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Subject: 1948 8n distributer adjustment

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Nate    Posted 04-02-2021 at 17:49:08 [URL] [DELETE]        [Reply] [Email]  
  • 1948 8n distributer adjustment
  • Any advice on how to adjust a front mount distributor on a 48 8n....this seems to be the last thing that hasnt been check on this tractor...it has been running rough cant seem to figure out the main reason...feels like I'm chasing my tail

    Tim Daley(MI)    Posted 04-03-2021 at 07:05:57 [URL] [DELETE]        [Reply] [No Email]  
  • Re: 1948 8n distributer adjustment
  • 6V or 12V?

    Welcome to the camp! First time N-Owners need to invest in the ESSENTIAL MANUALS; they are the best tools to have on your bench. Next, don’t worry about model year. For any Ford N tractor, the important things are to know if you have a 6V/POS GRN electrical system (all FORDs were), or has a 12V/NEG GRN switch out job been done; is it a Front Mount or a Side Mount Distributor; 3-Speed (ALL 9N & 2Ns were) or a 4-Speed (ALL 8Ns were); and if it has POSITION CONTROL (all 9N/2Ns only had DRAFT CONTROL). Read manuals before doing anything. Avoid buying new parts and replacing them until old ones are tested and confirmed defective or not. ALL Ford components were designed to be rebuilt over and over. New parts are almost exclusively made in Cheena today and are junk.

    Incorrect wiring is 99% of most non-starting issues whether 6V/POS GRN or 12V/NEG GRN. Just because you have a 12V battery or a 6V battery, does not ensure you have system wired correctly for that source. Don’t assume – verify with confirmed actual data. Go to the NTC HOW-TO’s forum under ELECTRICAL and search for wiring pictograms by JMOR.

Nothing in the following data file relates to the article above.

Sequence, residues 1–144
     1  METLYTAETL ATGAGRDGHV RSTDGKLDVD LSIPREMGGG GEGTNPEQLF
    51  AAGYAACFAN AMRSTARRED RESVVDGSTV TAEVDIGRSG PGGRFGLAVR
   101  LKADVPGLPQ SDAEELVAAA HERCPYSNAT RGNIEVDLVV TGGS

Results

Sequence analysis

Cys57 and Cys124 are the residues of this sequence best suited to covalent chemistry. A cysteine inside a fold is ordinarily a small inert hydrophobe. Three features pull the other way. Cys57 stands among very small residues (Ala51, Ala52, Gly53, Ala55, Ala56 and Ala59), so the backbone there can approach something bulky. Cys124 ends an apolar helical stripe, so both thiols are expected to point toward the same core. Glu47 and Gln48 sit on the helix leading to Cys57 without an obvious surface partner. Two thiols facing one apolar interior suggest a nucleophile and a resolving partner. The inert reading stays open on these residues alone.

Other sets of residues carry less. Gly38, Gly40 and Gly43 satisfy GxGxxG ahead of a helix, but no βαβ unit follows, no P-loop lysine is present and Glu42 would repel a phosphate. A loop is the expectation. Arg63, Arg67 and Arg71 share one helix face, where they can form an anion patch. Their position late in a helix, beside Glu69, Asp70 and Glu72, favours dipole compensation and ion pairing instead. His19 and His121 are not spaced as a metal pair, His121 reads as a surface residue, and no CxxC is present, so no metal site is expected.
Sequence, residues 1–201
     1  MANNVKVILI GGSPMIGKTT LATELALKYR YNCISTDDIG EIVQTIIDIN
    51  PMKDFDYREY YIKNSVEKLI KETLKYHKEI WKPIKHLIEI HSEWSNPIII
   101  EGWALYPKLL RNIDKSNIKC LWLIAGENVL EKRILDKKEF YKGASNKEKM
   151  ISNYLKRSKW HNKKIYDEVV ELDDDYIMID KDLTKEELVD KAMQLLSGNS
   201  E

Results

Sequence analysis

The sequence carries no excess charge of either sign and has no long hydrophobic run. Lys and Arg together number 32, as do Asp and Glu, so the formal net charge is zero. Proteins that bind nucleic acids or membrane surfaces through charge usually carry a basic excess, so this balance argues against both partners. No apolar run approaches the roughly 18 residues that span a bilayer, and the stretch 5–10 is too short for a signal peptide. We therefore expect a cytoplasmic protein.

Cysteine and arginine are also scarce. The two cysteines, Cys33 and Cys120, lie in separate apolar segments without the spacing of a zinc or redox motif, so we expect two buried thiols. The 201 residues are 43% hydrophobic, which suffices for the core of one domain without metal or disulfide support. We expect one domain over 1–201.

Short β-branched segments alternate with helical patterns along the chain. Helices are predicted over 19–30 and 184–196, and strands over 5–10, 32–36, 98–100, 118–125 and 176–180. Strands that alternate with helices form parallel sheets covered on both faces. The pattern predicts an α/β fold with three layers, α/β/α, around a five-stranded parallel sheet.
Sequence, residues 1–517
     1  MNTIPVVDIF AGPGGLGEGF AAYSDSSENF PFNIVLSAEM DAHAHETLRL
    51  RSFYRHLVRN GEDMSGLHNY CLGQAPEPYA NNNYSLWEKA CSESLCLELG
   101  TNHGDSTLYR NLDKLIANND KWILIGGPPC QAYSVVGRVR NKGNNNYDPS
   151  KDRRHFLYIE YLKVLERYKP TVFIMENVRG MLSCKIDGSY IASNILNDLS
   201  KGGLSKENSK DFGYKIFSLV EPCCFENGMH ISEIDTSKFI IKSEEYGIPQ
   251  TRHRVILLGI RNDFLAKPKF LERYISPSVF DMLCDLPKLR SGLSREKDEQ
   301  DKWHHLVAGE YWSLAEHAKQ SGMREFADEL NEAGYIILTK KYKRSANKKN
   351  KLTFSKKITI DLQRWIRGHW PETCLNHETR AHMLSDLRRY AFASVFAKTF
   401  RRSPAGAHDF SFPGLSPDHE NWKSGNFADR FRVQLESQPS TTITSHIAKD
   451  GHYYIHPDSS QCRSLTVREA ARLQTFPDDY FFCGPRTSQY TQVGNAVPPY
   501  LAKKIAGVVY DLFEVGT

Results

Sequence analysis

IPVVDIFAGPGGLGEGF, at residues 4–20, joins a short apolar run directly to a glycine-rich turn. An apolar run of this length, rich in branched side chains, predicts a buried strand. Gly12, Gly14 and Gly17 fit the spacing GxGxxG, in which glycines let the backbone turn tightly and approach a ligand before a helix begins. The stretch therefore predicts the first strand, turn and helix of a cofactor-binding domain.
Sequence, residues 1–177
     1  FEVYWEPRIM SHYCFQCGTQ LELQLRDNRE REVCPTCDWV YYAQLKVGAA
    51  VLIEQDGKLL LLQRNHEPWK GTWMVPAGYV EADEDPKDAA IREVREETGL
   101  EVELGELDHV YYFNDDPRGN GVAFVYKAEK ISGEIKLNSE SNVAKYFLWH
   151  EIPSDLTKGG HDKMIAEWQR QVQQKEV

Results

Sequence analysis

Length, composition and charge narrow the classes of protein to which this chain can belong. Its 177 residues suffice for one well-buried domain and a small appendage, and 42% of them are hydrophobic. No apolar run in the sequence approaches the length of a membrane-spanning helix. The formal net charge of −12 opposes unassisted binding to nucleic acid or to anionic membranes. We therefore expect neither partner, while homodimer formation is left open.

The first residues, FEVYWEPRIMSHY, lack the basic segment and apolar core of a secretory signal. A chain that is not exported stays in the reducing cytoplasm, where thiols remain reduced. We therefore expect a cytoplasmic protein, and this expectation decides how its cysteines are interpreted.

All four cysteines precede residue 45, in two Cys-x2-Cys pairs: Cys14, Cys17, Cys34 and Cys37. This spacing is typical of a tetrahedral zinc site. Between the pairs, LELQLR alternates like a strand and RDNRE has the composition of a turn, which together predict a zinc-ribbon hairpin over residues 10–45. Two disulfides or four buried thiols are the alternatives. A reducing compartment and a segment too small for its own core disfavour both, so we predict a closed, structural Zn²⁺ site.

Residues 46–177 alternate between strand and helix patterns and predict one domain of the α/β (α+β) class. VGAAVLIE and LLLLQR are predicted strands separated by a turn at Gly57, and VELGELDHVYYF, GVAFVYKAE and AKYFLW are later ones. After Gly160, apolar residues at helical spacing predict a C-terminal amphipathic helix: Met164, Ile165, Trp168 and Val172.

Get the manuals. Get the Wiring Pictograms by JMOR. Get 75 Tips For N-Owners by Bruce(VA). Test coil. Verify wiring is correct. Verify distributor isn’t cracked as shown at tangs. Verify distributor timing is set correctly. Test unit before mounting. Mount distributor correctly. Test unit before firing up tractor. Follow these measures and I promise you will have a good running tractor. Get the electrical right first, then you can work on the fuel test.

    One of the biggest issues on the Ford Front Mount is some do not understand how it functions and how it is set up correctly. First, the unit cannot be set and timed right while on the tractor. It must be removed and rebuilt on your bench. Once it passes, it gets mounted on the engine timing cover ONE WAY and if it gets off 180°, it will break and crack the aluminum base and render it junk. You’ll then need to pull the guts out and replace with a new or good used base. The cam/weights are offset as is the cam shaft on the engine and they must match up. There are also many other parts in the 8N front mount electrical system -Ballast Resistor, Coil, Plugs, Distributor, Generator, Voltage Regulator, Starter Motor, and more, and you must understand how each functions. A good battery is the first thing to verify. Have it tested at a shop. Whether a GEN or and ALT, you must maintain proper fan belt tension otherwise you will never charge the system correctly. The I&T FO-4 Manual and OEM Operators Manual are important tools to start with.

    FRONT MOUNT TIMING PROCEDURE:

    FORD FRONT MOUNT DISTRIBUTOR – WHAT HAPPENS WHEN INSTALLED 180° OFF:



    POINTS: STANDARD IGNITION - #FD-6769X - DO NOT get the ECHLIN CS35 points.